Lessons #10: Never say never

McNamara observes that a question asked should never be responded to directly instead, one should only answer a question he wished he would have been asked. He further posits that historians are not usually concerned with counterfactuals which could perhaps have existed. McNamara tends to believe in flexibility and adoption of the new better course rather than just sticking to something that does not even work well. It is worth understanding that circumstances normally change and therefore it would be good to adapt to new change (Morris, 2003)s.

As secretary of state, he took different position regarding the Vietnam War though he held the belief that the responsibility for the war lied with the president and that despite loving Johnson; they hugely disagreed on the war. He went ahead and stepped down from his role although he admitted that he was sorry for his errors (Morris, 2003). An individual foreign policy may be very effective if it is able to recognize the changes of circumstances by being flexible. This may help in understanding and accommodating new changes and avoid taking outdated and unreliable stances based on previous circumstances. With the current globalization and other international relation issues, it is important to understand the current affairs and make proper decisions based on this.

Lesson #11: You can’t change human nature

According to McNamara, reasons do not have limits and that everyone make mistake because it the nature of human. Also, he describes man as naturally war like and that the nature of man largely contributed to the Fog of War. This is absolutely relevant to the current affairs and should therefore be taken seriously. It is apparent that at the end of the day, the good qualities of human nature may save people from different war challenges However, McNamara believes that the complexity of the human nature my not end war any time soon regardless of human being rational.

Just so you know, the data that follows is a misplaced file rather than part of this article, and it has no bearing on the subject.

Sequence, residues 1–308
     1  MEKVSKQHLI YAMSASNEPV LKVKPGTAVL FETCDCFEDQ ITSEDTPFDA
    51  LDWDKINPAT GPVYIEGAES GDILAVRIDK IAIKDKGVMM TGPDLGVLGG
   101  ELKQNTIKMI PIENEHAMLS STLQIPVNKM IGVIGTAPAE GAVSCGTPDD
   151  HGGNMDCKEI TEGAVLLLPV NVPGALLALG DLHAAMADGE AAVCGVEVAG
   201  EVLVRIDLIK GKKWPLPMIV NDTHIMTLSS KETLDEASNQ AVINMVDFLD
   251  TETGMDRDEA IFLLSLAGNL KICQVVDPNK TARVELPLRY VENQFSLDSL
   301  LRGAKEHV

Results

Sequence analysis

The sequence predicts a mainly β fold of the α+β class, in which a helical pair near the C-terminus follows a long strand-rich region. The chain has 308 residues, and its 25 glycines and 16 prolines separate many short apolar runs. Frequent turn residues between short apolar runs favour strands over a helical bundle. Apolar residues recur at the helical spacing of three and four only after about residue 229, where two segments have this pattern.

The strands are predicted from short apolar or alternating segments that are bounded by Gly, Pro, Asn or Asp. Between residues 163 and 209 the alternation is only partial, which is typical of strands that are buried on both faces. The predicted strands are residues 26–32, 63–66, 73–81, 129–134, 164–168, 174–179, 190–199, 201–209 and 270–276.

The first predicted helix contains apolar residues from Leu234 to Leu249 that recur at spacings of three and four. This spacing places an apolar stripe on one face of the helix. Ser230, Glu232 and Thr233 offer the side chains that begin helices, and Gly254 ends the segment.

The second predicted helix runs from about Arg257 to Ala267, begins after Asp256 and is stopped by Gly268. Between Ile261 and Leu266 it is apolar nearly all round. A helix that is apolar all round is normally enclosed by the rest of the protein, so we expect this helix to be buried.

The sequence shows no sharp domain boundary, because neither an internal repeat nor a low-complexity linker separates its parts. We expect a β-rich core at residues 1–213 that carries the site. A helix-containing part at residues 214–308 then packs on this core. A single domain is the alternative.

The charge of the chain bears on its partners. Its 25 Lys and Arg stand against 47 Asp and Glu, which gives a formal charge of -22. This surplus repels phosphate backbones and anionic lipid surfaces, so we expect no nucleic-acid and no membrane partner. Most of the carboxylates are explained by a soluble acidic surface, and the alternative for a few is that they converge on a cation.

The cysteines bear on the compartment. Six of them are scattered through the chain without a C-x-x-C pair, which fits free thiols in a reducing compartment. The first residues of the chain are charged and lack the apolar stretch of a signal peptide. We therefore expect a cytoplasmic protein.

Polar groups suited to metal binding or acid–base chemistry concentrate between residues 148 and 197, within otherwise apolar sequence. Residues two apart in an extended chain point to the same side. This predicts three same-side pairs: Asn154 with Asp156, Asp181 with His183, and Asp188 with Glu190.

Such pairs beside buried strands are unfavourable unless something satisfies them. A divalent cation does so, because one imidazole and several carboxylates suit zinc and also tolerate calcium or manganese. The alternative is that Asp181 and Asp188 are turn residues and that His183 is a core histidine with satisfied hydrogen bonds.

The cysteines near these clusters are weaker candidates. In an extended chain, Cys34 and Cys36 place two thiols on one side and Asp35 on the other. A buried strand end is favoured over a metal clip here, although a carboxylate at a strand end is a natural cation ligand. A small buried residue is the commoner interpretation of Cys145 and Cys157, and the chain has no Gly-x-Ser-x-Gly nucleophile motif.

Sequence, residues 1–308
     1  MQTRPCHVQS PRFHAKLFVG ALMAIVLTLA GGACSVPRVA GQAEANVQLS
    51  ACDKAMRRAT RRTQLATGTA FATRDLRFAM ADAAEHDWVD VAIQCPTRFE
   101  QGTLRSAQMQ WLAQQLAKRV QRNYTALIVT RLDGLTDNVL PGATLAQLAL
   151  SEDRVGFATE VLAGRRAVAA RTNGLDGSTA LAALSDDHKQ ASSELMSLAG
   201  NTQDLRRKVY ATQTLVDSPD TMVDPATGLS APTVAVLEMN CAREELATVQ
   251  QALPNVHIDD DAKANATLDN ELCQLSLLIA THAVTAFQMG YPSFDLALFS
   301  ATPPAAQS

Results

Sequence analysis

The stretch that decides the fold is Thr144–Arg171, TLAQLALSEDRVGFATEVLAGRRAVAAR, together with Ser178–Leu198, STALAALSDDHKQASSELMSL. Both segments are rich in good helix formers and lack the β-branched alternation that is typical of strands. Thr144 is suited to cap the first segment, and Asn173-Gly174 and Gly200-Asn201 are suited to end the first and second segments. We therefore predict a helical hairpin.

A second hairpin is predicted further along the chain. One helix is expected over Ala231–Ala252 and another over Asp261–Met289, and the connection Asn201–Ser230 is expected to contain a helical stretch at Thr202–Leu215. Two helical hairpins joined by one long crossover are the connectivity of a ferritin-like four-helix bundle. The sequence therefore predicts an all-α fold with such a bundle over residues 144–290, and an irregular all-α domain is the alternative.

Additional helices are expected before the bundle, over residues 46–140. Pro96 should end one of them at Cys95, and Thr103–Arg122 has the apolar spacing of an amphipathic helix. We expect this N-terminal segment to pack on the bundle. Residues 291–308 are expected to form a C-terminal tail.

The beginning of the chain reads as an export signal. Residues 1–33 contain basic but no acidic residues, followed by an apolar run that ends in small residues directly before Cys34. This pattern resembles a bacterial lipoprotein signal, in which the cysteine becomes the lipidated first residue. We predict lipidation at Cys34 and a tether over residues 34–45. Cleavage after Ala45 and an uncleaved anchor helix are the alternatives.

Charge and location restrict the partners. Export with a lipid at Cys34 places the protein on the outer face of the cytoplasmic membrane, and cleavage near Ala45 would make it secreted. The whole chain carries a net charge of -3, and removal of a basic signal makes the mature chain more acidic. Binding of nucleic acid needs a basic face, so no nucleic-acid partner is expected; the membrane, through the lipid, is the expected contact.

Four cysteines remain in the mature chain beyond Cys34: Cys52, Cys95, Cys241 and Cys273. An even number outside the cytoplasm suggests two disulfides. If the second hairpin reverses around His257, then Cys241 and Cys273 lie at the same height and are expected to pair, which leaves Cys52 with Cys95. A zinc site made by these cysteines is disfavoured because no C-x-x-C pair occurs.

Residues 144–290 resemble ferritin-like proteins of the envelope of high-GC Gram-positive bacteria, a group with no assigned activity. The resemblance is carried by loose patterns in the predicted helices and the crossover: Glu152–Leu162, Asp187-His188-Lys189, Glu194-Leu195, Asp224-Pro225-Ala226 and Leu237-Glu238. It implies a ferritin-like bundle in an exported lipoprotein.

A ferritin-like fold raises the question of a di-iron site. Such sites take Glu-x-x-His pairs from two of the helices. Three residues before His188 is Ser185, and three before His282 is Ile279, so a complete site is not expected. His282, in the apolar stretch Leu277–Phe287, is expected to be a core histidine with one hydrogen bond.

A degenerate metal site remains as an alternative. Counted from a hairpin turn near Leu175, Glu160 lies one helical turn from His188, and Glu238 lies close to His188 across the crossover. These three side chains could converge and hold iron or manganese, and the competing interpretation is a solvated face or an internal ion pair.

Morris (2003), asserts that there is likeliness that war will never end because of the human nature that pre-empts war almost every time. All a long countries have engaged each other in various kind of wars yet the consequences of these wars does not seem to change people’s perception towards war. An individual foreign policy is always designed to defend a particular country from the potential enemies. However, the reactions to some invasion are disproportional and tend to affect even the civilians more than the military. The idea of fighting and invasion does not seem to change any time soon.

Countries are doing very little to promote peace since they are so much engaged in defensive and offensive strategies. This is evident on what currently happens in Syria, Egypt and many other countries that have always wanted to launch their missiles and show off their powers. Seemingly, any country’s strength is measured in terms of its capability to defend itself and successfully engage other powerful nations in the world. Weapons’ capabilities and sophistication as well as overall military overall strength play major role rating any country’s strength. The McNamara’s 11 lessons are generally significant and are very much applicable to the current society.

Reference

Morris, Errol. (Director). (2003). The Fog Of War: Eleven Lessons From The Life Of Robert S. Mcnamara [Motion Picture]. United States: Sony Picturesclassics.